The recent sabotage at Iran’s main nuclear enrichment facility is just the latest setback for the country's Revolutionary Guard, though the paramilitary force is rarely publicly criticized due to its power. Its forces failed to stop both an earlier attack at Iran's Natanz facility and the assassination of a top scientist who started a military nuclear program decades earlier. Then on Sunday, the nuclear facility, of which the Guard is the chief protector, experienced a blackout that damaged some of its centrifuges.
- Business Insider
Iran says it will enrich uranium to highest level ever after apparent Israeli attack on key nuclear facility
Iran, which now plans to enrich uranium to 60% purity, has vowed revenge on Israel over Sunday's act of sabotage on the Natanz nuclear complex.
- The Daily Beast
Christopher Furlong - WPA Pool/Getty ImagesPrince Philip was often said to have vowed never to be in the same room as Sarah Ferguson, the ex-wife of his son Andrew, after photographs appeared in a newspaper in 1992 of Sarah topless and having her toes sucked by a lover in the South of France.Gyles Brandreth, Philip’s official biographer whose book The Final Portrait will be published later this month, has confirmed that long-standing rumor today in the second lengthy excerpt from his book.Even as a Corpse, Prince Philip Has to Take Second Place to the QueenPhilip, he said, declared “enough was enough” after the pictures appeared. He told Brandreth Fergie was “simply beyond the pale,” and resolved not to have anything more to do with her.At the time when the pictures were first published, Sarah was staying at the queen’s Scottish country estate of Balmoral. Philip put his resolution into immediate action, as Ferguson herself recalled to Brandreth, saying: “It was ridiculous. As soon as I came in through one door, he’d be falling over the corgis to get out of the other. It was very funny. Except, of course, it wasn’t.”Although the queen continued to receive Fergie even after her separation and subsequent divorce from Prince Andrew, Philip made it clear that he had no desire to ever see her again.Sarah plaintively told Brandreth: “Of course I want to see him. I am the mother of his granddaughters, after all.”Brandreth said when he raised this with Prince Philip, he just shrugged and said: “But the children come and stay,” adding, “I am not vindictive, but I don’t see the point.”He described Andrew and Sarah’s post-divorce arrangements which have seen them continue to share a home as “truly bizarre,” adding, “I don’t pretend to understand it.”Brandreth writes that Fergie and Philip held diametrically opposed views on “bottling up your feelings” which she believed was positively harmful.Brandreth writes that when her daughters were children she would tell them to stand in the middle of the extensive grounds of their home, Sunninghill Park, and scream.Brandreth wrote that Sarah then demonstrated, catching him by surprise as she let out a blood-curdling scream.He writes: “The prospect of encountering his former daughter-in-law screaming in the middle of Sunninghill Park could have been one of the reasons the Duke of Edinburgh decided to give her a wide berth after her separation from Prince Andrew. He regarded reticence as a virtue and self-control as a quality to be admired.”Philip did not sit down for the 2011 six-parter on the Oprah Winfrey Network Finding Sarah, in which Fergie wept on screen with a TV psychiatrist. He told Brandreth he was in favour of “self-awareness” but against “the endless introspection that seems to be so prevalent these days.” As reported on Monday, he regarded Harry and Meghan’s decision to do a similar interview as “madness.”Fergie, Brandreth reports, tried to repair relations with Philip but was constantly rebuffed.For Philip’s 80th birthday, she sent him “a handsome dinner service.” But even here, fate conspired against her, Brandreth writes: “It was supposed to have 12 settings, but it arrived with 13: the ‘sample’ had been included with the set. With Sarah, somehow, something always goes wrong.”Philip’s allegedly vow to never be in the same room as Fergie was broken only when they both attended the wedding of Prince Harry at Windsor Castle in May 2018.Read more at The Daily Beast.Get our top stories in your inbox every day. Sign up now!Daily Beast Membership: Beast Inside goes deeper on the stories that matter to you. Learn more.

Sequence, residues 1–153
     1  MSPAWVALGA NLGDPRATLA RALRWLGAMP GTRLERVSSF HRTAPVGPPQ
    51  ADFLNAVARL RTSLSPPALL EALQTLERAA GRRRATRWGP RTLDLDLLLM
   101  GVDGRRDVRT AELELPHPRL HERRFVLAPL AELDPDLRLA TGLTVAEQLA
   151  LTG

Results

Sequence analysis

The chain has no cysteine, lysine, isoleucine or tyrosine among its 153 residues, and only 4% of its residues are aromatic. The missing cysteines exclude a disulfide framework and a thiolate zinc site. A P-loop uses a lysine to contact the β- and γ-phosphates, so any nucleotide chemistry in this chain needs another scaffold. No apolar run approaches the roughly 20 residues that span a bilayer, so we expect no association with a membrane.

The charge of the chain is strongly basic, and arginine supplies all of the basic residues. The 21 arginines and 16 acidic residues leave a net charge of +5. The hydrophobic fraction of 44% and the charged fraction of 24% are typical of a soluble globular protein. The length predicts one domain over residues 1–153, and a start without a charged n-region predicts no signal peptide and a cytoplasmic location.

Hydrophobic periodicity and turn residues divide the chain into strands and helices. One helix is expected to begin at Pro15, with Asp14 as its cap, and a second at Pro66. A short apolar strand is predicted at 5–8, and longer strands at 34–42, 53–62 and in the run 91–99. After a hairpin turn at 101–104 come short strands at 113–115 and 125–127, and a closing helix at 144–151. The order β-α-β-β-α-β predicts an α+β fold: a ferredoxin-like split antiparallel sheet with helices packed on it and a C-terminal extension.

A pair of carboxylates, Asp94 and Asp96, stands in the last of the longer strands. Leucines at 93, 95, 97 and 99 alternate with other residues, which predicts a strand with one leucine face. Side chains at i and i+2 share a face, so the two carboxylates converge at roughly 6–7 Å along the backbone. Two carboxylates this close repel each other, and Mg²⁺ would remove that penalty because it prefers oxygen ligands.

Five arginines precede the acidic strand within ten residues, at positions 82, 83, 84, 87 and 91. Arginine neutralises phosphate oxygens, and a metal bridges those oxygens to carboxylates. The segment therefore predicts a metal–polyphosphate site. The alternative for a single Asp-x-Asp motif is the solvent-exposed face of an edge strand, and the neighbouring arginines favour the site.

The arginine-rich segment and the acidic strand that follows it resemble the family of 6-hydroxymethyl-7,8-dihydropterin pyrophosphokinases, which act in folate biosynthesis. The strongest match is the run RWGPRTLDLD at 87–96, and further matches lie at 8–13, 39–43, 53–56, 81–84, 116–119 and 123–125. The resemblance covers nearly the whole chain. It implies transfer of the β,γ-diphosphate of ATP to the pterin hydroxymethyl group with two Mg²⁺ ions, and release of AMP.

- Associated Press
The Tropicana Las Vegas Hotel and Casino, a Sin City namesake, is being sold to a new entrant among Las Vegas Boulevard resort owners. Rhode Island-based Bally’s Corp. announced Tuesday it will acquire the iconic Strip property from Gaming and Leisure Properties Inc. for about $308 million. The agreement for the nearly 1,500-room hotel, casino, theater and convention property also involves a sale-and-leaseback transaction relating to Bally’s Black Hawk, Colorado and Rock Island, Illinois, casino properties, the company said.
- The Telegraph
Alex Salmond has been accused of pandering to extreme Scottish nationalists after his new party released a campaign video which spoke of breaking "the spine of English superiority” and he claimed the support of a King who died nearly seven centuries ago. The former First Minister’s Alba Party on Monday broadcast a supposed endorsement from Robert the Bruce, who successfully led Scotland during the first War of Independence against England in the fourteenth century. In the clip, 'The Bruce', who actually died in 1329, predicts that Mr Salmond’s new rival party to the SNP would “unite the clans”. The bizarre video was in fact voiced by Angus Macfadyen, an actor who played the Scottish King in the 1995 blockbuster Braveheart, and is a supporter of Mr Salmond’s party.
- Idaho Statesman
Images shared online show just how big some of the hailstones were.
- Business Insider
Over 40 episodes of the Joe Rogan Experience podcast have been removed by Spotify since the platform purchased the hugely popular show.
- Associated Press
A student opened fire on officers responding to a report of a possible gunman at a Tennessee high school Monday, and police shot back and killed him, authorities said. The shooting wounded an officer and comes as the community reels from off-campus gun violence that has left three other students dead this year. Police found the student in a bathroom at Austin-East Magnet High School in Knoxville, a city about 180 miles (290 kilometers) east of Nashville, Tennessee Bureau of Investigation Director David B. Rausch said at a news conference.